Bringing a Lawsuit

If attempts at settlement fail, a lawsuit may be your last resort. Choose small claims court if you can; it's the best our legal system has to offer when it comes to disputes that don't involve too much money. It's relatively fast - you'll wait a few weeks or months, instead of years - procedures are simple and designed for laypeople, and (in many states) lawyers aren't allowed.

The most you can sue for in small claims court is currently around $5,000 to $10,000; it's different in every state (A list of every state's small claims court limit is in Barking Dogs). But don't automatically give up on small claims court just because your claim is over the limit. Because of the higher cost of proceeding in regular court, you may still come out ahead by reducing your claim so it fits in small claims court.

Example. Natalie lives in Illinois, where the small claims court limit is $5,000. She is injured when a dog runs in front of her as she rides her new 15-speed bicycle down the street. The bike is totaled, and Natalie runs up more than $4,000 in medical bills. All together, she's out about $5,300. Should she abandon small claims court and get a lawyer? You probably already know the answer. By the time Natalie pays a lawyer, and the higher filing fees of regular court, she'll lose at least the $300 that she must give up if she files in small claims court.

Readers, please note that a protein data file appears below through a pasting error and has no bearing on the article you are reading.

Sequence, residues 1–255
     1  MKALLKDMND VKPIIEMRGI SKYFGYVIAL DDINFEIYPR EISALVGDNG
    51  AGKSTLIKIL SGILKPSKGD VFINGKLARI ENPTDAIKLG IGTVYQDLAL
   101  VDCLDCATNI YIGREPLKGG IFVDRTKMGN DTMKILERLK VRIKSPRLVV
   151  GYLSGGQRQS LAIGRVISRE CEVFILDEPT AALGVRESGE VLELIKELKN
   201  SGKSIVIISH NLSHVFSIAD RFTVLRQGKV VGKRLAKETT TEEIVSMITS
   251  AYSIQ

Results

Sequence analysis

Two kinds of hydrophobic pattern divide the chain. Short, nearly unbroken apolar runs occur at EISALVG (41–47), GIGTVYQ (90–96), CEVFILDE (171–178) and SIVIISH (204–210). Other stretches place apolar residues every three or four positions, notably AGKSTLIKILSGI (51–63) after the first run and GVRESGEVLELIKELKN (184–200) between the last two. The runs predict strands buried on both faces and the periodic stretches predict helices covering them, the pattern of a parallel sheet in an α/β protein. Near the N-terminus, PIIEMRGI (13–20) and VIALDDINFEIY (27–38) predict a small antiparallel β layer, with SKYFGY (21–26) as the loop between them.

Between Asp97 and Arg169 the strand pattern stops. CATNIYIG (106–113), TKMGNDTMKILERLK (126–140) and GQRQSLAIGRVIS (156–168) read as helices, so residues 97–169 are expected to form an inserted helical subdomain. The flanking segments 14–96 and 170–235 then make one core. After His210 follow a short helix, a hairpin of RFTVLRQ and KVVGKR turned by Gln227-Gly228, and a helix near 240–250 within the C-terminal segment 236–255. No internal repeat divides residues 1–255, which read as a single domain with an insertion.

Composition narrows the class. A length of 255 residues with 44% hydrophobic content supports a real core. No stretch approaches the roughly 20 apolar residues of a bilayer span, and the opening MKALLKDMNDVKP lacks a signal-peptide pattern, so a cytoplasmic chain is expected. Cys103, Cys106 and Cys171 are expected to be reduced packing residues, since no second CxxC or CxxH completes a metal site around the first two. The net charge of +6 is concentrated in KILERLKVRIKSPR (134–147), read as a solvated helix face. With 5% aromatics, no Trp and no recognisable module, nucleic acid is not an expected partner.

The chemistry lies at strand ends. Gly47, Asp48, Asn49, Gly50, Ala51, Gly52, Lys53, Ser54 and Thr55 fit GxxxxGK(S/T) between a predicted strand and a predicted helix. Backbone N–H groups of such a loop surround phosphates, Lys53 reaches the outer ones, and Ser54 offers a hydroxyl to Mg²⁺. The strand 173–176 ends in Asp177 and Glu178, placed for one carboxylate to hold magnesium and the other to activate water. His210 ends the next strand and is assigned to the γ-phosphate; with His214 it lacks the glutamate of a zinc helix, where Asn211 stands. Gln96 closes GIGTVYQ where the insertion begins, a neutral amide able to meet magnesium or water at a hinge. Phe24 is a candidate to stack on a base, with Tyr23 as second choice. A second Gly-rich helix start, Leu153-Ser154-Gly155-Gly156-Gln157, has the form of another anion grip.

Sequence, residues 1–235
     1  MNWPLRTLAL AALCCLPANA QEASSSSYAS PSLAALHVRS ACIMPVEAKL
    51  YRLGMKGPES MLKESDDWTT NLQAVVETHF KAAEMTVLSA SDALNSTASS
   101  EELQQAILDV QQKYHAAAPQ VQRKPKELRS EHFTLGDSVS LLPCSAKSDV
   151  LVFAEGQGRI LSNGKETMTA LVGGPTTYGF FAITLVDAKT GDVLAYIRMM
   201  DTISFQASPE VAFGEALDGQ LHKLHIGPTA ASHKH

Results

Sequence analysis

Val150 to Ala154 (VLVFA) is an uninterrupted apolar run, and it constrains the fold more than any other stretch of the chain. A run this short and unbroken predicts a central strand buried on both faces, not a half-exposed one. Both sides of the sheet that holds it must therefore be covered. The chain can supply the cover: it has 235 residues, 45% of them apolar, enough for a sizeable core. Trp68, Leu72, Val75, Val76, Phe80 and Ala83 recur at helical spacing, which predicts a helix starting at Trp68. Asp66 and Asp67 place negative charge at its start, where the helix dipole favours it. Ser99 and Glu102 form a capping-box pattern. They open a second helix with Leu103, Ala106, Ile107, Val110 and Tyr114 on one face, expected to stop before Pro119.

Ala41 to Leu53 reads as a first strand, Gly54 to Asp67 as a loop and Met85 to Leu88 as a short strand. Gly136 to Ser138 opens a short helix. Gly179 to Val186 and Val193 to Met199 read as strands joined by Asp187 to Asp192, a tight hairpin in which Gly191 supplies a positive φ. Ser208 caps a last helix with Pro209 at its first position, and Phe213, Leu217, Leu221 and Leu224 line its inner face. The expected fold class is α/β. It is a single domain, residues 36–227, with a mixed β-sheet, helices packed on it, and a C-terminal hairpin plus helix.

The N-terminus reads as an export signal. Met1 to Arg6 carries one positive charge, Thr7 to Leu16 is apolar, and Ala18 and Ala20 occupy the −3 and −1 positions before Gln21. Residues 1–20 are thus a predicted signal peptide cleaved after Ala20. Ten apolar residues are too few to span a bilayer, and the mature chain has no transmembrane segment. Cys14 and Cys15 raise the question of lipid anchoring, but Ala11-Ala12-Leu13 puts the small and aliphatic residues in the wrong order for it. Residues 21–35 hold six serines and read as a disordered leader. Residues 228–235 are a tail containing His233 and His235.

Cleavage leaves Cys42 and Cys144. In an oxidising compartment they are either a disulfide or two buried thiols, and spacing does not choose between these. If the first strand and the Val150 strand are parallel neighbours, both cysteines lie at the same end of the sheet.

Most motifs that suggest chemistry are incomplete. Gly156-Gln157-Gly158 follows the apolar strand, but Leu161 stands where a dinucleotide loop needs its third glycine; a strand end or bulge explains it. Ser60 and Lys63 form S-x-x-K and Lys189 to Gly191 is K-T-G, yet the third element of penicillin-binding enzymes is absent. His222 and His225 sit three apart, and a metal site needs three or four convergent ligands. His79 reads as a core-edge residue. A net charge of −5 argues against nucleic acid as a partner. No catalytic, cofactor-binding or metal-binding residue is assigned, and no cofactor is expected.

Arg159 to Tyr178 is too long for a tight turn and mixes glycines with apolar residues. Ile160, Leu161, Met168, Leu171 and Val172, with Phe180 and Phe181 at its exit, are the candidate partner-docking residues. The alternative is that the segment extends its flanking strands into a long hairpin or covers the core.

Before you start a small claims court case, check on other limits peculiar to small claims court in your state. For example, some states do not allow people to sue for pain and suffering. Most states have free publications that explain the rules for filing a small claims court case: what papers to file, when to file them, how to schedule a hearing, and other procedures.

If you have much in the way of medical bills or time off work, small claims court may not be any help, and you may need to go to "regular" court. If that's the case, you may want to see an experienced lawyer, at least to get some advice on whether or not you have a good case.

Everybody's Guide to Small Claims Court, by Ralph Warner (Nolo), provides valuable guidance on preparing a small claims court case. Represent Yourself in Court: How to Prepare and Try a Winning Case, by Paul Bergman and Sara Berman-Barrett (Nolo), explains how to handle a civil trial from start to finish.


"As a general rule dogs in a dream are a good omen and symbolize friends. To hear a dog bark happily signifies pleasing social recognition, but if it barked fiercely, you are being warned of possible legal troubles."72

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